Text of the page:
INTERVENTION: Organizers of Hong Kong Revolt Caught with State Department Official

An uprising in Hong Kong has been called by observers in the U.S. and throughout the West as a movement for democracy and human rights, but there may be more motives afoot if a recent photograph is any indicator.

Prominent anti-Beijing activists were caught plotting at a Hong Kong hotel with Julie Eadeh, the political unit chief of the U.S. Consulate General, adding fuel to the speculation that the uprisings in Hong Kong are the handiwork of U.S. interventionists.

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Joshua Wong, one of the leaders of the uprising, laughed off any claims of collusion in a statement while admitting that he and other resistance leaders are regularly meeting with U.S. government officials.

“I even went to Washington several times, so what’s so special about meeting a US Consul?” Wong said.

“We also met the US Consul that visited the Legislative Council and have a meeting with pro-establishment and pan-democrat legislators,” Wong added.

Eadeh’s history of subversion on behalf of the U.S. empire is extensive. Her 2011 State Department biography reads as follows:

“Julie A. Eadeh, a career member of the Foreign Service, joined the Department of State in 2002 as a Presidential Management Fellow where she served in the Bureau of Democracy, Human Rights, and Labor. In 2004 she joined the Foreign Service and covered human rights and the first ever Saudi elections as a political officer at the U.S. Embassy in Riyadh, Saudi Arabia. From 2006-2007, Ms. Eadeh was the chief of American Citizen Services at the U.S. Embassy in Beirut, Lebanon and assisted in the largest civilian evacuation of American citizens since World War II. From 2007-2008, Ms. Eadeh worked as the assistant information officer, covering press and media relations, at the U.S. Embassy in Baghdad, Iraq.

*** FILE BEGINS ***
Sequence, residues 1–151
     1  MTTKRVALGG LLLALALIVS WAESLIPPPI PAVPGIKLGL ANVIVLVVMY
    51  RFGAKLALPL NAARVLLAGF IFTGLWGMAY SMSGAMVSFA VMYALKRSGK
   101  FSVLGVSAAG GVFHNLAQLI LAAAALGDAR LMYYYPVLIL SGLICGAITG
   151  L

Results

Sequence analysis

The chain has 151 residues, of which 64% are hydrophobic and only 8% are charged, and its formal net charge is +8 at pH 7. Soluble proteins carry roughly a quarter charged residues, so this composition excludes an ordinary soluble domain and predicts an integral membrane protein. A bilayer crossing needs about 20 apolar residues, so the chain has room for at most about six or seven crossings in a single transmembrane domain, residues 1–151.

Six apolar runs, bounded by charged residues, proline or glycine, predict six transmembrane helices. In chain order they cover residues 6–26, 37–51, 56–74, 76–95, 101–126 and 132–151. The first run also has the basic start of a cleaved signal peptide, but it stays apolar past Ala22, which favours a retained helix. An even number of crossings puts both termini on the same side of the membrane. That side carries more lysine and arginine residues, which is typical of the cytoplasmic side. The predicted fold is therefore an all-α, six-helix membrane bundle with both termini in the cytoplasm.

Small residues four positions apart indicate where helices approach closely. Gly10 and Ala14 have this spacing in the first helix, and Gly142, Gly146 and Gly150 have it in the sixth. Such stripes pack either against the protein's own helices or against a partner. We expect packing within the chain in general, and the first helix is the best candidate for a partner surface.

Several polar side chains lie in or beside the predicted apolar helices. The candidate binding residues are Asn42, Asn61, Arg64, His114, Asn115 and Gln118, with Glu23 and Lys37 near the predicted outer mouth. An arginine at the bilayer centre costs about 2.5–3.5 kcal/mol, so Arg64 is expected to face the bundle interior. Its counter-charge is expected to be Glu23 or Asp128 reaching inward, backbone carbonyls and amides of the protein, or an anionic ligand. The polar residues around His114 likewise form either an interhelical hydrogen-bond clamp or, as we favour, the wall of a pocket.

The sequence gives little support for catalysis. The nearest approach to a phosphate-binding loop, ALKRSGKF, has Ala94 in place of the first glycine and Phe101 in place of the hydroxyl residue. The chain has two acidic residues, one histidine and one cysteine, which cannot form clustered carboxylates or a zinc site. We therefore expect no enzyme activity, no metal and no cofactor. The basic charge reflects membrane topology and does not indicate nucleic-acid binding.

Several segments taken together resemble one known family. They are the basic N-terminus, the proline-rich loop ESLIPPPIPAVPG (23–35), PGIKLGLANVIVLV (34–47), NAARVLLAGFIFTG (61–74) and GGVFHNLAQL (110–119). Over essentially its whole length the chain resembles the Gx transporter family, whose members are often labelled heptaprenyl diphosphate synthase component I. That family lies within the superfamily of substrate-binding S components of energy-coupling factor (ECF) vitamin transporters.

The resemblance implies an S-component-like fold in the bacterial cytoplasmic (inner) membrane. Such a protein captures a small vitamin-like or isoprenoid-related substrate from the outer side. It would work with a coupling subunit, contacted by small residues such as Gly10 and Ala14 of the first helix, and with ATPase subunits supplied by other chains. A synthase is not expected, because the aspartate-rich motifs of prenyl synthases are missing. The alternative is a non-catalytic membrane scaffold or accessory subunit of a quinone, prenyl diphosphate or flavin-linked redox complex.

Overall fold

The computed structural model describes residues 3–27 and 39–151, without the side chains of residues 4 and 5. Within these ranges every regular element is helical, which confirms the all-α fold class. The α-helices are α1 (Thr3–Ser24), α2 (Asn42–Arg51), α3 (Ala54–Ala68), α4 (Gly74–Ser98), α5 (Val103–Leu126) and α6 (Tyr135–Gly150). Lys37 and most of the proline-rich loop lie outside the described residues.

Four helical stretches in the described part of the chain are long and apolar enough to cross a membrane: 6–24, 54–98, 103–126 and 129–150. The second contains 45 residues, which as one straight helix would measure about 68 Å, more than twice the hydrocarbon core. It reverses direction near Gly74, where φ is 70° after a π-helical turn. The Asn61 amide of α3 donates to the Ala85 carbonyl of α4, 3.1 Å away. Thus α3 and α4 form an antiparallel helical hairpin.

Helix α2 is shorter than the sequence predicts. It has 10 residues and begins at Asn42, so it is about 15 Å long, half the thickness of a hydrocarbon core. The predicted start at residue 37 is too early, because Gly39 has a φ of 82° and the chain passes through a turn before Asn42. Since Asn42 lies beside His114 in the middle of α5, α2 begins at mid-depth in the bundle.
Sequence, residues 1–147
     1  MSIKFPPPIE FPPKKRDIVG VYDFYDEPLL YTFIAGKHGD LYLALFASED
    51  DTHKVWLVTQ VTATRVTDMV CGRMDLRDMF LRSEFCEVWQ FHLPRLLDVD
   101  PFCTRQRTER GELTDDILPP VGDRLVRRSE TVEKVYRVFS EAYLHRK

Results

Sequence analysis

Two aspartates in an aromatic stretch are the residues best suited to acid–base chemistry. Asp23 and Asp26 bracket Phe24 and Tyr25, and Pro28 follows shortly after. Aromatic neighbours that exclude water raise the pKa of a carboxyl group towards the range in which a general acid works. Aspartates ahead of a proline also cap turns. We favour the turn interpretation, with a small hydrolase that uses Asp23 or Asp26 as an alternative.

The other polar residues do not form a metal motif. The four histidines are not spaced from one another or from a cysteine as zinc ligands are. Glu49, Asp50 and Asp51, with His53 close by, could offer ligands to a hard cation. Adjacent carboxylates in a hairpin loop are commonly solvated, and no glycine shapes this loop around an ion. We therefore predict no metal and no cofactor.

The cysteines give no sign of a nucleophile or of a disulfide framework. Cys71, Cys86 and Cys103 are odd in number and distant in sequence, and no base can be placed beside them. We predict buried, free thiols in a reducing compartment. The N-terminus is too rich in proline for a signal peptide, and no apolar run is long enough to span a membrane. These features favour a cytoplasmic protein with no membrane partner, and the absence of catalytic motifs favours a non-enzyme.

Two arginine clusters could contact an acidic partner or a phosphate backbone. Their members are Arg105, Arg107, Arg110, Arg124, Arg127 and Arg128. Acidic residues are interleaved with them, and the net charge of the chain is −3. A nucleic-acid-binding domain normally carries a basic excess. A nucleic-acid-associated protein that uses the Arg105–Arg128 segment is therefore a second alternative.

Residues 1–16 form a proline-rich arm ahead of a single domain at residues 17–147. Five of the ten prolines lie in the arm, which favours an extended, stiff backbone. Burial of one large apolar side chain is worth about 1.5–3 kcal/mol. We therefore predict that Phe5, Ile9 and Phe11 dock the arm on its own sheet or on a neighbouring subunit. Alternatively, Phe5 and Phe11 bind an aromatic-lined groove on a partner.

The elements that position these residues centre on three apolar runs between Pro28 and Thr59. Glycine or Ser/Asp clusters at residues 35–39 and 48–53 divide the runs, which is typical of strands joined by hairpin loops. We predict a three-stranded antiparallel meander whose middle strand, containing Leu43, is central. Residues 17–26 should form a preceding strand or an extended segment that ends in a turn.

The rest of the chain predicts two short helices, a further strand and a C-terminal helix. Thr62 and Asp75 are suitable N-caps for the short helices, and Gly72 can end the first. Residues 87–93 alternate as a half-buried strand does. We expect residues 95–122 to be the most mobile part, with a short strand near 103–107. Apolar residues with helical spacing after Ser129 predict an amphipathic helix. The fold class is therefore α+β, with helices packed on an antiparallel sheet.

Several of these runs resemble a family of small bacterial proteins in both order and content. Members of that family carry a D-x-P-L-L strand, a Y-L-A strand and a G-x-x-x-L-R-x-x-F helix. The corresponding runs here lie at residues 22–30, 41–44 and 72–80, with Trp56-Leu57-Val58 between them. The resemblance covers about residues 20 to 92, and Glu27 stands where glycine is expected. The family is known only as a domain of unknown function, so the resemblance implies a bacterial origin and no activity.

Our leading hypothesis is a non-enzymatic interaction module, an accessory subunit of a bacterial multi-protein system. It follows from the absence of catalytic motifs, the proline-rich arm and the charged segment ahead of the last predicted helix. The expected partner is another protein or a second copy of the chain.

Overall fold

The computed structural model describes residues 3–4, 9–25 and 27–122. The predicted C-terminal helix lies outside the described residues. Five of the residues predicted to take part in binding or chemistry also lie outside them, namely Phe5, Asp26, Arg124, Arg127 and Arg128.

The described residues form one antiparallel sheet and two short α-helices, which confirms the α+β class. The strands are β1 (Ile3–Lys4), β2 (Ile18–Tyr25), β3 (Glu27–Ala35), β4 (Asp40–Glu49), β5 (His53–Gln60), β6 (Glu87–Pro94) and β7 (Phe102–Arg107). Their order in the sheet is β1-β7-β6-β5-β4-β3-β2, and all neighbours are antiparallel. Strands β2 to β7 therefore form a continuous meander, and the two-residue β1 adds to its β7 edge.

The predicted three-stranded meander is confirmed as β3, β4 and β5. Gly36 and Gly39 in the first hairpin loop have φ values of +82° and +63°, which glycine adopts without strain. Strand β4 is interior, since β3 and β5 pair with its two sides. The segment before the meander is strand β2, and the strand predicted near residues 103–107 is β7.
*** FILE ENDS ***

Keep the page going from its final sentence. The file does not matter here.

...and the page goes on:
Ms. Eadeh completed Chinese language training in Taiwan and Shanghai in 2010, and currently serves as the Environment, Science, Technology, Health, and Energy Officer at the U.S. Consulate in Shanghai. Upon completion of her assignment to China, Ms. Eadeh will continue advanced Arabic language training in preparation for her onward assignment to Doha, Qatar as the public affairs officer.”

The State Department, predictably, blamed China for the fact that their foreign meddling in Hong Kong was exposed to the world.

“I don’t think that leaking an American diplomat’s private information, pictures, names of their children, I don’t think that is a formal protest, that is what a thuggish regime would do,” State Department spokeswoman Morgan Ortagus said. “That is not how a responsible nation would behave.”

The Hong Kong protests are against an extradition bill that would permit authorities to arrest and extradite people who are wanted in countries that the Hong Kong does not have a specific agreement with, including Taiwan and China.

Hundreds of thousands have amassed in the streets as a result of these protests, but questions of their authenticity still persist. The involvement of Eadeh and other U.S. government officials with the protest leaders will certainly add to those questions.

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